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26-11-2020 | Original Article | Uitgave 2/2021 Open Access

Perspectives on Medical Education 2/2021

A randomised trial of the effectiveness of instructor versus automated manikin feedback for training junior doctors in life support skills

Perspectives on Medical Education > Uitgave 2/2021
Chris Wilson, Erin Furness, Leah Proctor, Greg Sweetman, Kathryn Hird
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Electronic supplementary material

The online version of this article (https://​doi.​org/​10.​1007/​s40037-020-00631-y) contains supplementary material, which is available to authorized users.



Australian Standards require that clinicians undergo regular training in skills required to respond to the acute deterioration of a patient. Training focuses on the ability to appropriately respond to cardiac arrest, including delivering cardiac compressions, ventilation and appropriate defibrillation. Providing such training comes at a significant cost to the organisation and impacts on clinician time in direct patient care. If effective, the use of an automated manikin could significantly reduce costs and provide consistent training experiences.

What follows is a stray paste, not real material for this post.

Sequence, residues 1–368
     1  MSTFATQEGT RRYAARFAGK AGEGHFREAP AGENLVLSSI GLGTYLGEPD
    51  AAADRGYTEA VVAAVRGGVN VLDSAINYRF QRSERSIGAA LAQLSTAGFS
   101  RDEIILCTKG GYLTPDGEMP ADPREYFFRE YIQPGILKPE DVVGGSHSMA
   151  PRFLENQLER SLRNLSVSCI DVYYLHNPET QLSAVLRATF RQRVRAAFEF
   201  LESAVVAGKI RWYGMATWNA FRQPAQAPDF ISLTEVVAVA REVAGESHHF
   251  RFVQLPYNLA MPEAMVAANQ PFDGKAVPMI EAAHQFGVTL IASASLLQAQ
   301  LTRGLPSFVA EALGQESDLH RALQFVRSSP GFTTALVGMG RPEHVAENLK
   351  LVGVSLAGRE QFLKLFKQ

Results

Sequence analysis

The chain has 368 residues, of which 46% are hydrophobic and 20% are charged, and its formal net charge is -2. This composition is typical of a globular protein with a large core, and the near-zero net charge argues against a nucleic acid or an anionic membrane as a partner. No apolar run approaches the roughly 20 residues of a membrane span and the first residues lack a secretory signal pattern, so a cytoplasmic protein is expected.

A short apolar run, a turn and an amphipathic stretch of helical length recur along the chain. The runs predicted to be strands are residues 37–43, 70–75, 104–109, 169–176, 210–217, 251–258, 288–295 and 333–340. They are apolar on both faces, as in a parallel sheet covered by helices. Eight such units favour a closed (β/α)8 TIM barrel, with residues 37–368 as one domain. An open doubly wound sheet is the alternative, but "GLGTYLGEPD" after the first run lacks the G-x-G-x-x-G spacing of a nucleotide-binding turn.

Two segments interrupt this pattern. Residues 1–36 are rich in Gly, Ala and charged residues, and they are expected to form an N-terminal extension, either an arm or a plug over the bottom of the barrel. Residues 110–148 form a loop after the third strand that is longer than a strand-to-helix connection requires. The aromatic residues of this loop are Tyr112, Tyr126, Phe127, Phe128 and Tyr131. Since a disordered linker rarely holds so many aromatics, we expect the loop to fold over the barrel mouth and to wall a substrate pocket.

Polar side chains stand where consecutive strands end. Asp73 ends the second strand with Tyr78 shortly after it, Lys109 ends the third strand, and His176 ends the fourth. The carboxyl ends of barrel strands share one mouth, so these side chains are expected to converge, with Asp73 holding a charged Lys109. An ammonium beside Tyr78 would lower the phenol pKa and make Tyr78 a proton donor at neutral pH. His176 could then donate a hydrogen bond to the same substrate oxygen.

Fifty-six resident medical officers were randomised to two groups to test two skills components of hospital life support training under two feedback conditions. The skills components were cardiac compressions and bag-valve-mask ventilation. The feedback conditions were automated feedback delivered by a simulation manikin and traditional feedback delivered by an instructor. All participants were exposed to both skills components and both feedback conditions in a counterbalanced block design. Participants completed surveys before and after training.


The results demonstrated significantly better performance in cardiac compressions under the automated manikin feedback condition compared with the instructor feedback condition. This difference was not observed in bag-valve-mask ventilation. The majority of participants found the automated manikin feedback more useful than the instructor feedback.


Automated manikin feedback was not inferior to instructor feedback for skill acquisition in cardiac compressions training. The automated feedback condition did not achieve the same level of significance in bag-valve-mask ventilation training. Results suggest training with automated feedback presents a cost-effective opportunity to lessen the training burden, whilst improving skill acquisition.
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